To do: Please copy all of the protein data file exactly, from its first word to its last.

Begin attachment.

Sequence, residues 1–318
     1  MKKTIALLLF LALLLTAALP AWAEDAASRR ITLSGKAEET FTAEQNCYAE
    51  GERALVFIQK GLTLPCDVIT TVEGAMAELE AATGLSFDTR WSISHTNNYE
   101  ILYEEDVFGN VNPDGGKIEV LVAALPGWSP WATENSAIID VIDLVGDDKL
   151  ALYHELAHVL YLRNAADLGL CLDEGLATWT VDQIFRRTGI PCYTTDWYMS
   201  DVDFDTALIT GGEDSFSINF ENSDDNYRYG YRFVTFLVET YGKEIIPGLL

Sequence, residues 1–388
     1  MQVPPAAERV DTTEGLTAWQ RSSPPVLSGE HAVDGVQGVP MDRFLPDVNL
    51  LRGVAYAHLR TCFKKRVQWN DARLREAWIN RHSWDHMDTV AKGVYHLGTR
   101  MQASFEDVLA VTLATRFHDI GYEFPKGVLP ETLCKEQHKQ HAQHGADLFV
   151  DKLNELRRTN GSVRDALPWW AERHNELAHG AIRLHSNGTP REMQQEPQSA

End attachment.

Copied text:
Sequence, residues 1–318
     1  MKKTIALLLF LALLLTAALP AWAEDAASRR ITLSGKAEET FTAEQNCYAE
    51  GERALVFIQK GLTLPCDVIT TVEGAMAELE AATGLSFDTR WSISHTNNYE
   101  ILYEEDVFGN VNPDGGKIEV LVAALPGWSP WATENSAIID VIDLVGDDKL
   151  ALYHELAHVL YLRNAADLGL CLDEGLATWT VDQIFRRTGI PCYTTDWYMS
   201  DVDFDTALIT GGEDSFSINF ENSDDNYRYG YRFVTFLVET YGKEIIPGLL

Sequence, residues 1–388
     1  MQVPPAAERV DTTEGLTAWQ RSSPPVLSGE HAVDGVQGVP MDRFLPDVNL
    51  LRGVAYAHLR TCFKKRVQWN DARLREAWIN RHSWDHMDTV AKGVYHLGTR
   101  MQASFEDVLA VTLATRFHDI GYEFPKGVLP ETLCKEQHKQ HAQHGADLFV
   151  DKLNELRRTN GSVRDALPWW AERHNELAHG AIRLHSNGTP REMQQEPQSA